In 1898, Huber acquired patent rights to the Van Duzen gas engine. That same year, Huber mass-produced the first gas-powered tractor for commercial use. The tractor proved to be a complete failure. After nearly 14 years of extensive research and development, Huber reentered the tractor manufacturing business. By 1914, with still more improvements, Huber introduced three new tractor models: the Model 15-30, the Model 20-40 and the Model 30-60. In 1917, the iconic Model 20-36 (or “Light Four”) solidified Huber’s competitive position in the market.
In 1930, Huber also manufactured the Model 20-36 for B.F. Avery. The 4-bottom plow tractor was powered by a Waukesha 7.3L 4-cylinder gas engine. In total, 355 tractors were delivered to Avery over three months.
In 1934, a consortium of three regional Farm Bureau Cooperatives from Ohio, Michigan and Indiana struck a deal with Huber Mfg. Co. of Marion to build tractors. The tractor was a repainted red version of the Huber Modern Farmer (or Models S/SC and L/LC) with CO-OP cast into the radiator. Those produced by Huber are believed to be the first tractors offered through Farm Bureau stores.
Following World War II, Huber concentrated on road building along with maintenance equipment, ending production of farm tractors and machinery.
Ohio Mfg. Co., Upper Sandusky
Ohio Mfg. Co. got its start with its Traction Truck in the 1890s. In 1916, the company began building the Whitney 9-18 tractor. Powered by a Gile engine, this light-weight tractor with a 24hp rating was capable of pulling a 2-bottom plow. Sometime later, a group of investors acquired the company’s assets and renamed the business Whitney Tractor Co. Operations were relocated to Cleveland, where production soon ceased.
Leader Tractor Mfg. Co., Chagrin Falls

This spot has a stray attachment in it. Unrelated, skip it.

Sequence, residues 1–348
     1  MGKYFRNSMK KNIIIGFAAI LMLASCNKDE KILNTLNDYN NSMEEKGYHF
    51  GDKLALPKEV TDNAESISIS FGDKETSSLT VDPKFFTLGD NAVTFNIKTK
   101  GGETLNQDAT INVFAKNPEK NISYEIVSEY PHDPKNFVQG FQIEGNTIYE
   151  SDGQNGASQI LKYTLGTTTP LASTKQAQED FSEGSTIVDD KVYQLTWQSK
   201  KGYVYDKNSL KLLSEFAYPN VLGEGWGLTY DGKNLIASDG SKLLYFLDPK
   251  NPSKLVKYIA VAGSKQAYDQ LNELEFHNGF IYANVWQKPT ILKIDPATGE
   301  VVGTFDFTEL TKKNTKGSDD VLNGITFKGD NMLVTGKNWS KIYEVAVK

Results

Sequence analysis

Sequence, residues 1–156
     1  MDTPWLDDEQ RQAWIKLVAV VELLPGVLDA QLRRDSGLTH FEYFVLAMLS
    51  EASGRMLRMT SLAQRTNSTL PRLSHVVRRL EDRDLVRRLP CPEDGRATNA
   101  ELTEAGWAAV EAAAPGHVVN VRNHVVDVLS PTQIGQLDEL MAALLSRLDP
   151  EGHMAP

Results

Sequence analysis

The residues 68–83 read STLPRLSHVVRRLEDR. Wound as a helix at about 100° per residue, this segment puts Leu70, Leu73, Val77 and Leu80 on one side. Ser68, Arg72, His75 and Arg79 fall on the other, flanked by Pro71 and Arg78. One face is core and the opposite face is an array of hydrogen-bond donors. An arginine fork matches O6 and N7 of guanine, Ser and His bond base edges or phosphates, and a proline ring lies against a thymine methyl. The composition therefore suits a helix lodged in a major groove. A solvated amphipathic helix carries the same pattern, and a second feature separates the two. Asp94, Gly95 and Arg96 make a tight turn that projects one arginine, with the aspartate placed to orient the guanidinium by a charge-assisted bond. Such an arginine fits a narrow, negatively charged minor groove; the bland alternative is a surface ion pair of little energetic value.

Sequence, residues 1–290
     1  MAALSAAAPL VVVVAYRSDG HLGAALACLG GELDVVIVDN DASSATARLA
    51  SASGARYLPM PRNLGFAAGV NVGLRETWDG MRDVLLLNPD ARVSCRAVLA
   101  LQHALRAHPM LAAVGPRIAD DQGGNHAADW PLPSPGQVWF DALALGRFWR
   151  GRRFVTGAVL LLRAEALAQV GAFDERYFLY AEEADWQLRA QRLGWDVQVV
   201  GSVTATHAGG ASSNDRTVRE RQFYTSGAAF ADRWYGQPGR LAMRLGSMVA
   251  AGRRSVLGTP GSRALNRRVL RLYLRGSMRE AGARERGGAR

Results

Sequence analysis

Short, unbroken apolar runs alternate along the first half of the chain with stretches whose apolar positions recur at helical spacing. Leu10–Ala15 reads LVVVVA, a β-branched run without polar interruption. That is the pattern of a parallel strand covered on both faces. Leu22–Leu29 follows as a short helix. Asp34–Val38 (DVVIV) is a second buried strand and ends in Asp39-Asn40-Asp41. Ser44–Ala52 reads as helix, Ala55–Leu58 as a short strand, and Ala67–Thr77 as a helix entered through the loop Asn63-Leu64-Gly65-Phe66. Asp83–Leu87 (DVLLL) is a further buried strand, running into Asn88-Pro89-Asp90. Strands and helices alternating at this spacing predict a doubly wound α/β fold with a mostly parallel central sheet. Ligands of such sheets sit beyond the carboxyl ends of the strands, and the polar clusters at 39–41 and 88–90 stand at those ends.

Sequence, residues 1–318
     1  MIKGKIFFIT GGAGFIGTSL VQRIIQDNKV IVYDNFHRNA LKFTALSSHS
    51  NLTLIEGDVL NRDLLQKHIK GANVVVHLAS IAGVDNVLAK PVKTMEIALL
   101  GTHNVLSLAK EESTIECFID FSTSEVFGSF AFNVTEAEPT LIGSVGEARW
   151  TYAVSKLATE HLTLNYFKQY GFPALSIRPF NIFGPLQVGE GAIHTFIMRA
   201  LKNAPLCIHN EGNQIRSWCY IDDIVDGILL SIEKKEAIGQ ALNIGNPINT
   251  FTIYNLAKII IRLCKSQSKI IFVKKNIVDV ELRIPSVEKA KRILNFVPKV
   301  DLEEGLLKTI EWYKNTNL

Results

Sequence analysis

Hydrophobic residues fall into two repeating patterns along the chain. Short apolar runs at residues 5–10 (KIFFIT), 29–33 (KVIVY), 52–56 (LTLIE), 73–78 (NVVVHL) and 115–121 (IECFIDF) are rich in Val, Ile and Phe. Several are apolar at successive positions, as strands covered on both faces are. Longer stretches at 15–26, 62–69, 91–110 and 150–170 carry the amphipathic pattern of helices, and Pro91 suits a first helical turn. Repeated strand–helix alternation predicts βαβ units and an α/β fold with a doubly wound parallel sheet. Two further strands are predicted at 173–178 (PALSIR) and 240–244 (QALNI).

In 1937, father and son Lewis and Walter Brockway founded Leader Tractor Mfg. Co. The company’s tractor was first known as the American; it became the Brockway in 1939. When a New York truck company named Brockway threatened suit in 1940, the tractor was renamed the Leader.
By 1947, demand for Leader tractors had expanded rapidly. Schott Bros., which had a large stake in Willys Jeep, assumed the marketing requirements of the Leader tractor. In 1948, Schott Bros. acquired Leader Tractor Co. when sales demands could not be met. The manufacturing plant was closed shortly thereafter.
Lewis and Walter Brockway started anew in 1949, launching Brockway Tractor Co. With a suitable foundry in nearby Bedford, a vastly improved tractor called the Brockway was introduced. The Brockway tractor was manufactured for 10 years, ending in 1959.
Fate-Root-Heath Co., Plymouth
In 1909, J.D. Fate launched Plymouth Truck Co. After production of 200 trucks and one automobile, the company folded in 1915. Fate soon joined with Root-Heath, a locomotive manufacturer, forming Fate-Root-Heath. Following the Great Depression, orders for locomotives slowed. With the company’s location in farm country, the company began building Plymouth farm tractors.